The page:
The Communist leader, whose embrace of Serbian nationalism set off almost a decade of Balkan warfare, was found dead early Saturday in his cell at the United Nations detention center in The Hague, where he had been since 2001.
The autopsy report disclosed that Milosevic died of a heart attack. It also revealed that he had been taking medicine not prescribed by his physicians, including an antibiotic known to diminish the effect of the medicines he had been taking for heart and blood-pressure problems.
Milosevic's death came as his trial for genocide, crimes against humanity and war crimes in the Balkans in the 1990s neared a close. A verdict had been expected later this year.
His abrupt death raised a whole new set of issues for the United States and European Union, which had hoped that the conclusion of his trail would help expedite resolutions of other problems that are vestiges of Milosevic's rule in the 1990s.
According to the chief U.N. prosecutor Carla Del Ponte, "The death of Slobodan Milosevic deprived victims of justice and made it more urgent to catch and extradite other Balkan leaders implicated in atrocities."
Milosevic had 50 hours of hearings left before the court released a verdict. The complex indictment covered the events of three wars in Croatia, Bosnia and Kosovo. The wars incurred almost a decade of bloodshed and vengeance that killed more than 200,000 people. His crimes included the charges of genocide, ethnic cleansing and mass rapes.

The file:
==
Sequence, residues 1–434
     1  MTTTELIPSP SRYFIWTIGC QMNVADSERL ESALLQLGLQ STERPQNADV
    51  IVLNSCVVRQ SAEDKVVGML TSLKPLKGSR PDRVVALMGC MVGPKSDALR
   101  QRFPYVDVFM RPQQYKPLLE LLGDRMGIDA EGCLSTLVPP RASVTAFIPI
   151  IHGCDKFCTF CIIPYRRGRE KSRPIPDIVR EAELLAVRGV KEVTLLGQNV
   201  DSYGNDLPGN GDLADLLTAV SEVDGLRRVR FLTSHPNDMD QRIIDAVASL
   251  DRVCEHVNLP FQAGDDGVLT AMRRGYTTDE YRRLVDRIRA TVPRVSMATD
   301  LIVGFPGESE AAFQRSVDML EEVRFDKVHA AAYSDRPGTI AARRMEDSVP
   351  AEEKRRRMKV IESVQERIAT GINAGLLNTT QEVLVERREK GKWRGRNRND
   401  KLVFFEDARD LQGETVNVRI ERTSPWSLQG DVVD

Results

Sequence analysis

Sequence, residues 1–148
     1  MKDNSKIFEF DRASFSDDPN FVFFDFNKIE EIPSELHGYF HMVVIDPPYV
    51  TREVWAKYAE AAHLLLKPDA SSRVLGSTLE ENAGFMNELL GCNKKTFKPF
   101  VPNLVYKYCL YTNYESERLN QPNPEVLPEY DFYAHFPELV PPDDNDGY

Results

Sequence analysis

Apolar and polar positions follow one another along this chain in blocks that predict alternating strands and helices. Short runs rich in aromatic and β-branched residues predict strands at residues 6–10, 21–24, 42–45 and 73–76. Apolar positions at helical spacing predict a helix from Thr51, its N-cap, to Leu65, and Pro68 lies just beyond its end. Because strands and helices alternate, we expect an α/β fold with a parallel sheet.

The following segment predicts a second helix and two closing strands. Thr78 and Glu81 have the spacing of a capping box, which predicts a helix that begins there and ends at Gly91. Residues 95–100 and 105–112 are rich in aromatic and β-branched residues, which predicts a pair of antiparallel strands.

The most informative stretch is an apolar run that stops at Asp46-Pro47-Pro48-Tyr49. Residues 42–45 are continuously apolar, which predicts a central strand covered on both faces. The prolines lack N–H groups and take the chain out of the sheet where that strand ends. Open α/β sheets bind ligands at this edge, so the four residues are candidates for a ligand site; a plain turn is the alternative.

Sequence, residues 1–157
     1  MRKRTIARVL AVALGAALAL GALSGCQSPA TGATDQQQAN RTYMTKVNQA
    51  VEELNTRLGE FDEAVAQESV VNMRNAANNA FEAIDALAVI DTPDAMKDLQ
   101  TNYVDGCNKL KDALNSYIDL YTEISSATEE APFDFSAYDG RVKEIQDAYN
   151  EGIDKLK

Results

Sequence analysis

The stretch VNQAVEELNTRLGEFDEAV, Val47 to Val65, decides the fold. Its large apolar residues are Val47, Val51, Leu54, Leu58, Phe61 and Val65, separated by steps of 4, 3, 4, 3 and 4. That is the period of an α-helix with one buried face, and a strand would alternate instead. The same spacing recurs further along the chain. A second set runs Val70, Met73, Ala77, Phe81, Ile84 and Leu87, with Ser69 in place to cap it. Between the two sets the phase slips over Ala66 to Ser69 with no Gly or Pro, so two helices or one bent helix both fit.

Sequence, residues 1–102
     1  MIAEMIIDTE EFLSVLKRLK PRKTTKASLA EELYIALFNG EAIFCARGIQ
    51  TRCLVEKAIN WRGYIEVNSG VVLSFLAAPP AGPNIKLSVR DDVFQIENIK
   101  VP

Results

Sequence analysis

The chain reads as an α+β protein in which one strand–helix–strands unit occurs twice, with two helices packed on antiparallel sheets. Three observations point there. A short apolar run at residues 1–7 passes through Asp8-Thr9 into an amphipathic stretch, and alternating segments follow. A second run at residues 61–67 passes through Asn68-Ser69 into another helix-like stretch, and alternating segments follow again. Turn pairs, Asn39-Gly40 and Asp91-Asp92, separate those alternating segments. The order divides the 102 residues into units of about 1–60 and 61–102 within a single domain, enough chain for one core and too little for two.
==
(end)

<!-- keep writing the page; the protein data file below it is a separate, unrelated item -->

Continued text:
Although his 66-count indictment dealt with the wars in Bosnia, Croatia and Kosovo, Milosevic devoted almost all of the time allotted for his defense to Kosovo, a Serbian province. He dismissed events in Bosnia and hardly touched on those in Croatia, because, he said, those were separate countries not under his command or control.
Prosecutors said he had instigated many crimes in Bosnia and Croatia through proxy armies which he supplied and financed.
He was the first former head of state to answer charges of such crimes and his was the longest war crimes trial of modern times, delayed by Milosevic's frequent bouts of illness related to high blood pressure and a bad heart.
The Serbian government now faces a dilemma over whether to allow the funeral to be held in his homeland, and if so what honor should be accorded. Although regarded as a ruthless dictator overseas, Milosevic retained support among members of his Socialist Party, which has a pivotal position in the country's coalition government.
The country's Supreme Defense Council has ruled out providing a military escort to any procession, but Serbian Prime Minister Vojislav Kostunica has yet to decide on whether to allow a private ceremony. There is further argument over Milosevic's final resting place. The Socialists are seeking to have their mentor buried at Belgrade cemetery's Alley of Heroes.
Serbia-Montenegro Foreign Minister Vuk Draskovic said Monday that he was "deeply shamed" by reactions in Serbia from Milosevic supporters following his death. "They are promoting a serial murderer -- a man who sowed death, misery and hate -- as a national hero," he said.